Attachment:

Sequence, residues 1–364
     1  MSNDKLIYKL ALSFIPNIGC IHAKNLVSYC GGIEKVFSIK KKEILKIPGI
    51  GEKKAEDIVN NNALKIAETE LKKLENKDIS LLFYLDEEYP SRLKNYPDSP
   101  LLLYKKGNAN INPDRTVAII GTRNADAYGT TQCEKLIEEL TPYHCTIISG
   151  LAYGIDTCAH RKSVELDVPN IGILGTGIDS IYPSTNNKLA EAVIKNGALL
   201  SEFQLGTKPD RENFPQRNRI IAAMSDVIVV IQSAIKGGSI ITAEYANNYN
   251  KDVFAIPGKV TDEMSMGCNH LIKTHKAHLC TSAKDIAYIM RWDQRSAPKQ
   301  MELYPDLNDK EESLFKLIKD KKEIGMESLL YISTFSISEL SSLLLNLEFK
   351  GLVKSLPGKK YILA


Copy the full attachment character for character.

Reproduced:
Sequence, residues 1–364
     1  MSNDKLIYKL ALSFIPNIGC IHAKNLVSYC GGIEKVFSIK KKEILKIPGI
    51  GEKKAEDIVN NNALKIAETE LKKLENKDIS LLFYLDEEYP SRLKNYPDSP
   101  LLLYKKGNAN INPDRTVAII GTRNADAYGT TQCEKLIEEL TPYHCTIISG
   151  LAYGIDTCAH RKSVELDVPN IGILGTGIDS IYPSTNNKLA EAVIKNGALL
   201  SEFQLGTKPD RENFPQRNRI IAAMSDVIVV IQSAIKGGSI ITAEYANNYN
   251  KDVFAIPGKV TDEMSMGCNH LIKTHKAHLC TSAKDIAYIM RWDQRSAPKQ
   301  MELYPDLNDK EESLFKLIKD KKEIGMESLL YISTFSISEL SSLLLNLEFK
   351  GLVKSLPGKK YILA